CHEMISTRY: Inorganic Dendrites

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Science  14 Oct 2005:
Vol. 310, Issue 5746, pp. 197a
DOI: 10.1126/science.310.5746.197a

Manganese oxides are used in batteries, chemical separation, and catalysis because of their porosity, acidity, and ion exchange properties. Organic templates have been used to make complex architectures but require subsequent purification of the end product with the risk of residual organic material remaining as impurities. Manganese oxides have previously been fabricated into octahedral molecular sieves that possess microporous tunnel structures, but the particles have not possessed uniform shapes or any sort of three-dimensional ordering. Yuan et al. have now developed a synthesis protocol that mixes potassium dichromate and manganese sulfate monohydrate under mild hydrothermal conditions to generate defined three-dimensional structures. Control of the resulting structures is achieved solely by varying the autoclave temperature from 120° to 180°C. Smaller crystals form at the higher temperature, creating a dendritic structure with finer and denser needlelike branches. The key to the control comes from the fact that the redox potential of Cr2O7,2−/Cr3+ is only slightly larger than that of Mn4+/Mn2+, so that the reaction is slow. This gives precise control over the nucleation and growth processes leading to highly uniform dendritic structures. — MSL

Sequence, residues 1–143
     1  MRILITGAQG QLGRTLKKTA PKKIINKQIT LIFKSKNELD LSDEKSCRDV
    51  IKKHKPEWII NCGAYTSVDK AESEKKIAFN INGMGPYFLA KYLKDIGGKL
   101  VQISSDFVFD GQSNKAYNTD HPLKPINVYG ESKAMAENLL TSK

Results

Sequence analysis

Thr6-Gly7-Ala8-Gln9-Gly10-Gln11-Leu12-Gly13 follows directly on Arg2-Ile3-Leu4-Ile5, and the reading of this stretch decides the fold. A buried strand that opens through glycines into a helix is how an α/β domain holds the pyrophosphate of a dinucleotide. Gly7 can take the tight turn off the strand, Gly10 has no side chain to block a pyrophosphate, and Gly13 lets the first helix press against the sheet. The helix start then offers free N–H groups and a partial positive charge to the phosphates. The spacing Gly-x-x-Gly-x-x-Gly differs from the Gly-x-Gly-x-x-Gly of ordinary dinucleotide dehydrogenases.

J. Am. Chem. Soc. 10.1021/ja053463j (2005).

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